Microsoft has revealed that they are working on getting their Cortana voice assistant to work on Android and iOS. Cortana is basically Microsoft’s version of the Google Now voice assistant, and it has already been a feature on Windows Phone devices for a while now. Reviewers have singled out the Cortana voice service as one of the most impressive features of Windows Phone, and something that can actually go head-to-head with Google Now and Siri. So, what can we expect, now that it’s coming to Android? Let’s take a look!
Cortana is going to be a critical part of the Microsoft software catalog, judging by the attention and care that they are investing in the product. The upcoming Windows 10 release for desktop will also integrate Cortana as a core part of the OS, and it will have all the features that you can find on Windows Phone, plus a few more. So, it’s pretty clear that this is a major point of interest for Microsoft, and that they hope to get people on board as soon as possible.
The killer feature that Microsoft will be able to offer is the possible integration with their Windows OS. Having Cortana remember your searches and requests across your desktop and phone is a great way to make the personal assistant truly personal, and it paves way for the tighter integration of Windows with Android. Google is also actively working on integrating Google Now across their products, with Google Now support in Chrome, but I think it’s fair to say that it isn’t very polished or well-integrated quite yet. If Microsoft integrates it at a core OS level, that means that every application will be able to take advantage of it, and possibly even insert their custom voice commands on Cortana.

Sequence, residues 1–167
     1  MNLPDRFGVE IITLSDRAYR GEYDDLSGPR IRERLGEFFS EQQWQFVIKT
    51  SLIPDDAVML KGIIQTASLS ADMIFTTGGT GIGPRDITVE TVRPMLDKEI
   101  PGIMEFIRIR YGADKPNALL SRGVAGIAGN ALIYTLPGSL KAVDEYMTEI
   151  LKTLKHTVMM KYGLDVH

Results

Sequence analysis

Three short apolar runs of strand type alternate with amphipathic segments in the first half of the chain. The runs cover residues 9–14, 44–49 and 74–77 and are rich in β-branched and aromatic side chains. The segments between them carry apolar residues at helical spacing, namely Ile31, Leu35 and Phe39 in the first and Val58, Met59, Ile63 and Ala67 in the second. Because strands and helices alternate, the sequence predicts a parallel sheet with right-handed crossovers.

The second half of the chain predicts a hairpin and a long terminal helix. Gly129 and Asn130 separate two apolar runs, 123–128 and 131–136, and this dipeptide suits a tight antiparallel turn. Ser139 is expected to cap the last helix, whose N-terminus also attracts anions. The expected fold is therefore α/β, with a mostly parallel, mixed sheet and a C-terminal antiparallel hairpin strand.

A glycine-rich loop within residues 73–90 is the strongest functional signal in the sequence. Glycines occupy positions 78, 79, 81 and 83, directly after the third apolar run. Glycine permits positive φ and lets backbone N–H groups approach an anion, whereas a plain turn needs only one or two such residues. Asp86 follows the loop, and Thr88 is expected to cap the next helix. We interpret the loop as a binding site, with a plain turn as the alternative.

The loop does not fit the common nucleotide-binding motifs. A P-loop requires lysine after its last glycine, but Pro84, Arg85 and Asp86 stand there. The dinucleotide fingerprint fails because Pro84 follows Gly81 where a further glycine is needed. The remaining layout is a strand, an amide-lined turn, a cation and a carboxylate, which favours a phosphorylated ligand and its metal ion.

Cortana is headed for Android first, and then iOS, showing yet again that Microsoft is committed to offering great products on rival platforms to get people to start using their services. While Windows Phone has clearly not found the success that Microsoft was hoping for, some of the features and services of the phone platform have actually gone to make a big different elsewhere. For example, the very-well regarded “Metro” interface became a standard model in Windows 8, and the touch-first, tile-based start screen made its debut on the Windows Phone platform as well.
We are unconditional fans of Google Now, as it is widely regarded to be the service with the most features, the most powerful search engine, and the most accurate voice recognition around. However, while Google may be the big fish in the mobile space, on desktop things aren’t quite the same. Google has Chrome, sure, but a web browser is not an operating system. Microsoft still controls the biggest desktop OS around, and is in a position to offer features and personalization that Google just can’t compete with. Now, it’s up to the user to choose when the time comes around: will you pick Cortana, with the deep integration with your Windows machine, or Google Now, that has been proven to be reliable and ahead of the competition multiple times?